Disc photographs and optical coherence tomography images of an 8-year-old girl with severely tilted disc and a horizontal-to-vertical disc diameter ratio of 0.44 (upper left), and a 7-year-old boy who had a mildly tilted disc with a horizontal-to-vertical disc diameter ratio of 0.75 (lower left). Cross-sectional spectral domain optical coherence tomography images of the optic discs of each patient show absent retinal layers, other than the nerve fiber layer bundle, in the peripapillary atrophy region (middle and right columns).
Figure 2
 
Changes in the right SE refractive error for the tilted and nontilted disc groups over time (left). An overall tendency toward myopic progression during the follow-up period was noted in both groups. Central dots represent mean values, and the upper and lower bars represent mean ± standard deviations. The decrease in SE refractive error in the tilted disc group was greater than in the nontilted disc group over time. A regression model of the two groups is also presented (right).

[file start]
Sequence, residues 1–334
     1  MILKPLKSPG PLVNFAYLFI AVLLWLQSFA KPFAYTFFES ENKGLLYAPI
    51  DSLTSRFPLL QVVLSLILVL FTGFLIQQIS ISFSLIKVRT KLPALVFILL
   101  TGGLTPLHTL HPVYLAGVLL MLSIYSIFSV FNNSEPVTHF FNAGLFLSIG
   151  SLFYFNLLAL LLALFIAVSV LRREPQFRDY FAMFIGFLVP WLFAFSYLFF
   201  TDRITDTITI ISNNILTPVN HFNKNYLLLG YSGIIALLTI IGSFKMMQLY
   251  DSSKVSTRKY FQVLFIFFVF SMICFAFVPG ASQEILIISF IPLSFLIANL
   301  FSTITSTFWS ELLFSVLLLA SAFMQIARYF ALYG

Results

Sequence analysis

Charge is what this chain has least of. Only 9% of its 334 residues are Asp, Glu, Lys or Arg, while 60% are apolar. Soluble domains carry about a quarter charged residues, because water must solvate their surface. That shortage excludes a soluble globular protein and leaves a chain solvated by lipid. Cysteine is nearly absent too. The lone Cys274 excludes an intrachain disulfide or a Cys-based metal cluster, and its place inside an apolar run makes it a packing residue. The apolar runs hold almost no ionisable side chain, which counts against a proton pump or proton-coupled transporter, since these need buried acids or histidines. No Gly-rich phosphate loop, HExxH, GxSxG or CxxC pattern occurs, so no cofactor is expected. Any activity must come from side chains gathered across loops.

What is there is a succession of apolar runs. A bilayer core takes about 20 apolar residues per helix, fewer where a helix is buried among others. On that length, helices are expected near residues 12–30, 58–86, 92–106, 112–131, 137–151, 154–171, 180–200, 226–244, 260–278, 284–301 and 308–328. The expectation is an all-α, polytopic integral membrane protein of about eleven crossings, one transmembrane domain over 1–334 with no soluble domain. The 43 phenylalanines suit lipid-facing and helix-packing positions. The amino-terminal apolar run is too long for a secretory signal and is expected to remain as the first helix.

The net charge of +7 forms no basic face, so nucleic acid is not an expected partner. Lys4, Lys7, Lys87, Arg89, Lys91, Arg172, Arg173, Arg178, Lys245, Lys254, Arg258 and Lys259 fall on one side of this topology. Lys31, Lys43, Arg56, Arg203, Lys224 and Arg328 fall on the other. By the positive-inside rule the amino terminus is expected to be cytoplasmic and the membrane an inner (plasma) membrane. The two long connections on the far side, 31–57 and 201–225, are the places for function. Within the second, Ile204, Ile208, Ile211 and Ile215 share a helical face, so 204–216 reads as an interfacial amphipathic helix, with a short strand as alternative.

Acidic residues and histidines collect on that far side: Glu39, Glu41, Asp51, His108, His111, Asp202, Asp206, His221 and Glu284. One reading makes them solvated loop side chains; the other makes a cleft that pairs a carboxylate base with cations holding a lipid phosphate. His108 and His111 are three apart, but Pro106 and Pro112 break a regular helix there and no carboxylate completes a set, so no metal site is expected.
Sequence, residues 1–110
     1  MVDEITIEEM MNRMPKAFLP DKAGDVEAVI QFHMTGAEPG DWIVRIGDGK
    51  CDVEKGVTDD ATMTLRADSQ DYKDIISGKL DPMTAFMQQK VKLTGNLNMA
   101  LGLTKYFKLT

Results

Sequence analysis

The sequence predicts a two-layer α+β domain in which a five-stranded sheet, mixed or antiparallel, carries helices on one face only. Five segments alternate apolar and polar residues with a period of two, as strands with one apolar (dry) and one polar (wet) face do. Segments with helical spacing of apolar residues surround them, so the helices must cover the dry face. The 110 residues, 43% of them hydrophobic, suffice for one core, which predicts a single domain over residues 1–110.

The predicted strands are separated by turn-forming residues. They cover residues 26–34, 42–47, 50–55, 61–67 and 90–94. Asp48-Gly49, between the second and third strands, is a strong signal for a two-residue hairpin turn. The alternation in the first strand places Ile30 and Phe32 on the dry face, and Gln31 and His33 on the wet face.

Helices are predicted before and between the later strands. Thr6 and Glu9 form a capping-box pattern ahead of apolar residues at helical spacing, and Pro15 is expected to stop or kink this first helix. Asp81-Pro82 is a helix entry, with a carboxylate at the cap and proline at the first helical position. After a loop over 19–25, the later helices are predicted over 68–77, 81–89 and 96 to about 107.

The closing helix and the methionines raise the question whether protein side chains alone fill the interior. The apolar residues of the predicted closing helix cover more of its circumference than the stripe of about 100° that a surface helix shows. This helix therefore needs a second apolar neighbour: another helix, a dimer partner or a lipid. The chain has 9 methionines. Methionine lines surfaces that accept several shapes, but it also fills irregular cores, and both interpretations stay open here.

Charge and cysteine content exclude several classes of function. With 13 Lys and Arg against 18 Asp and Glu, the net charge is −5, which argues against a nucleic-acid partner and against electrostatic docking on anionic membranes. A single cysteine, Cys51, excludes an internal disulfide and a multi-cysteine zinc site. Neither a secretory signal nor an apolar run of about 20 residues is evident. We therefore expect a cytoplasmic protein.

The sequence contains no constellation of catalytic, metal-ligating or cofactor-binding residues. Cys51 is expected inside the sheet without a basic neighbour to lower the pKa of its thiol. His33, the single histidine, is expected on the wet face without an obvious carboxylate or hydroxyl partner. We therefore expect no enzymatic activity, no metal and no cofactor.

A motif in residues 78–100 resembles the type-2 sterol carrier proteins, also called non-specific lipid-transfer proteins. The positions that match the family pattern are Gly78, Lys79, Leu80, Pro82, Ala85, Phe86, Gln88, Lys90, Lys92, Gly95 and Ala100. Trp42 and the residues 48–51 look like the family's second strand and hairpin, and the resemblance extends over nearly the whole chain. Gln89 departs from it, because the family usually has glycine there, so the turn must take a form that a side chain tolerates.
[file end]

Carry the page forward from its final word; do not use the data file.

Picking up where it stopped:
Figure 2
 
Changes in the right SE refractive error for the tilted and nontilted disc groups over time (left). An overall tendency toward myopic progression during the follow-up period was noted in both groups. Central dots represent mean values, and the upper and lower bars represent mean ± standard deviations. The decrease in SE refractive error in the tilted disc group was greater than in the nontilted disc group over time. A regression model of the two groups is also presented (right).
Table.
 
Baseline Characteristics of Tilted Disc Group and Nontilted Disc Group
Table.
 
Baseline Characteristics of Tilted Disc Group and Nontilted Disc Group
Variable Tilted Disc, n = 88 Nontilted Disc, n = 108 P Value
Age, y, mean ± SD 7.8 ± 3.92 8.3 ± 3.7
Sex, male/female 41/47 57/51 0.933*
SE refractive error, diopters, Rt, mean ± SD −4.65 ± 3.41 −4.25 ± 3.19
Astigmatism, diopters, Rt, mean ± SD 1.13 ± 1.16 1.08 ± 1.12 0.715†